How long do drugs stay in water?

Given these data on the presence of drugs in the water, perhaps one might think that the best thing one can do when faced with a headache is to take a bath in the nearest river or beach, but the reality is, obviously, quite different. As we have already mentioned, many drugs degrade rapidly in water: "The Oceanography and Littoral Contamination team of the University of Cádiz has characterized biodegradation in seawater, showing a rate higher than 80% in most cases after 28 days. In addition, in this same study they confirmed that photodegradation was a much faster process and that it eliminated more than 90% in 24 hours for most of the drugs studied ", explains León.

Furthermore, each organism can respond in a different way to the presence of pollutants: "Macroinvertebrates and algae are the groups most affected," says Barceló. "Antibiotics influence the biofilm of rivers, made up of algae and bacteria. In addition, beta-blockers and anti-inflammatories affect certain macroinvertebrates such as chironomids."

In the Mar Menor, the team from the Murcia Oceanographic Center characterized the accumulation of some drugs in bivalves - cockle, oyster and nacra - and in fish - galupe and fox - during the spring and autumn of 2010. The results have just been published in the Environmental Research magazine. "The concentrations observed were generally low, but the highest presence of compounds was detected in galupe muscle (Liza aurata), probably associated with the eating habits of this group of fish, which frequent the vicinity of the dumping points or areas where human activities are concentrated, "explains León.

With regard to the effects that these compounds can cause in organisms, the researcher tells us that it would be necessary to carry out tests in controlled laboratory conditions, as other research groups are doing in some marine species. "At the moment data are only available for a small group of drugs and species, so a diagnosis can not yet be made on the species that may be more sensitive," says the scientist. "What can be pointed out is that the mooges - a family of fish to which the galupe belongs - are a group that should be considered as a possible indicator for the study of the impact of drugs in coastal areas, if they are confirmed in other areas. results obtained in the Mar Menor ". This means that, by analyzing the presence of drugs in these fish, we could obtain a good diagnosis of the global situation of pollutants in the analyzed ecosystem.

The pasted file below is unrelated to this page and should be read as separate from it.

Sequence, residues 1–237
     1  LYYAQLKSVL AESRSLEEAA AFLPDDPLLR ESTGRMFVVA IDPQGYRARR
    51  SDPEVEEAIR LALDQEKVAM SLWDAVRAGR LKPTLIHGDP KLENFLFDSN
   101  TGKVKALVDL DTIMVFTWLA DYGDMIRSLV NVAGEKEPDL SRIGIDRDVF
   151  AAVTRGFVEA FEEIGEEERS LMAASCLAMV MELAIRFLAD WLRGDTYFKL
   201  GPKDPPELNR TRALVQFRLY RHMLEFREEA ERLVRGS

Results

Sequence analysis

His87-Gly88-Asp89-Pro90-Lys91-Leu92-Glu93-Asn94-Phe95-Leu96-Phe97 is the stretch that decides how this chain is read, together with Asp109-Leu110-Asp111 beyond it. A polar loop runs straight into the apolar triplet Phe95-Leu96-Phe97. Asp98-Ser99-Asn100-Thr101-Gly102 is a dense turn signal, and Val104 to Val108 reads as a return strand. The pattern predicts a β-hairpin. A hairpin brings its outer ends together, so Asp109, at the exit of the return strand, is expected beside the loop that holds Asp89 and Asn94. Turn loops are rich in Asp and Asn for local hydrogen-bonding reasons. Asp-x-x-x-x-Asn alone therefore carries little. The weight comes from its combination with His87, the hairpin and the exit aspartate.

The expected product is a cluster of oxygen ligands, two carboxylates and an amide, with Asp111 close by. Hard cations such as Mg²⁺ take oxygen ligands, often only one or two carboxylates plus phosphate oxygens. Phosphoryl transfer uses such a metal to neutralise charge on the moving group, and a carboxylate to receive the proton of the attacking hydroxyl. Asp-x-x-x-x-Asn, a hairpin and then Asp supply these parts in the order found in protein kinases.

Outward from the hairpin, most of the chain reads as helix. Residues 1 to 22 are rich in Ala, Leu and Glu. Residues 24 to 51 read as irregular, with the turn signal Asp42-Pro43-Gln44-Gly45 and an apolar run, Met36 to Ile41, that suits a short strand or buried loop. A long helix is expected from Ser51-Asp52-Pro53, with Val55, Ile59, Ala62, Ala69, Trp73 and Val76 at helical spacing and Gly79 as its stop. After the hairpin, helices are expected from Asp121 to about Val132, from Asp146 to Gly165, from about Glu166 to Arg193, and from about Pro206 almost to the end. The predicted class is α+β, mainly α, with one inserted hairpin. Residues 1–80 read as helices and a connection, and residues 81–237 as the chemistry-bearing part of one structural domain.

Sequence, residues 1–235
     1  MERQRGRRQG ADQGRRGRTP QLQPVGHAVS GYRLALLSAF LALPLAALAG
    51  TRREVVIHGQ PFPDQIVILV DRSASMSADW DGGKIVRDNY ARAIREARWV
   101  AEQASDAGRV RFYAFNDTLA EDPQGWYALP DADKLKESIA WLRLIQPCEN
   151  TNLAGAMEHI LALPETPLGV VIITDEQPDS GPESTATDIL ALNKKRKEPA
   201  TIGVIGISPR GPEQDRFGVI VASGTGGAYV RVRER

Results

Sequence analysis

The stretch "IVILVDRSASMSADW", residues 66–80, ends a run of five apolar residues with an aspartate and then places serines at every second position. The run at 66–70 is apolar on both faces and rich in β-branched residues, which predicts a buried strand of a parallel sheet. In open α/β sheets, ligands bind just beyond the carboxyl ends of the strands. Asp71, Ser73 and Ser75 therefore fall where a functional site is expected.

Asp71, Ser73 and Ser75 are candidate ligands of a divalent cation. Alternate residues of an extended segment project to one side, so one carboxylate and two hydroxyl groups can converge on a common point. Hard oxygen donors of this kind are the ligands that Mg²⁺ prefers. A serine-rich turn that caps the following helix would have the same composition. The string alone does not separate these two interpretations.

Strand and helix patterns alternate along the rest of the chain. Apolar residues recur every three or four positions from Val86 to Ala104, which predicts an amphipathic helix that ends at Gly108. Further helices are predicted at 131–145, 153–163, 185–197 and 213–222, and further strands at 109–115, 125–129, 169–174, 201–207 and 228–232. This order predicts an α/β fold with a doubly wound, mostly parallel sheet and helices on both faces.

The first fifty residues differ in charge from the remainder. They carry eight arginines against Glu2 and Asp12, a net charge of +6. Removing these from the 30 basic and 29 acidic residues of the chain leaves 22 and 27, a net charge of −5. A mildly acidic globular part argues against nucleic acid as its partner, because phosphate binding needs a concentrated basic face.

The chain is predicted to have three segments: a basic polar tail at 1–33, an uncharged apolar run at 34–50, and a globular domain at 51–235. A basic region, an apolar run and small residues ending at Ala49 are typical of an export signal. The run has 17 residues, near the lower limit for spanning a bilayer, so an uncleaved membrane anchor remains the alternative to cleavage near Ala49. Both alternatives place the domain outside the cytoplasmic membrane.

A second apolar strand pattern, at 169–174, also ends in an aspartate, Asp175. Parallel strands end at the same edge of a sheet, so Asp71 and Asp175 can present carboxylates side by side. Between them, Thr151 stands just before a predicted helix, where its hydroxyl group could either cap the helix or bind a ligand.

How to prevent drugs from reaching rivers and seas?

For Barceló, it is possible to technically improve the capacity of the wastewater treatment plants. "Technologies such as membrane bioreactors or nanofiltration have been seen to remove large amounts of drugs and other emerging contaminants, but that obviously requires additional investment," he says. An investment that, unfortunately, in many cases does not arrive until a regulation such as the European Union's Water Framework Directive requires it.

But there are also measures that citizens can take at the individual level. In the first place, exercise a responsible consumption of medicines. It's not about waiting to die of pain before taking ibuprofen, but you don't have to jump in at the slightest discomfort either. In addition, avoiding drug abuse is not only good for the environment: we also give our liver a break.

Finally, there is a very widespread practice - as well as harmful - that consists of flushing expired medicines down the sink or toilet. However, the most correct action when putting order in our medicine cabinet is to deposit the waste at a SIGRE point, which we can already find in more than 20,000 pharmacies throughout the Spanish geography. They are responsible for separating its components for subsequent recycling, and most of the non-hazardous drugs are used to produce energy through a process called recovery. A destination, without a doubt, much more worthy than ending up floating through the water in the company of fish and bathers.


Video: class 6. English (June 2021).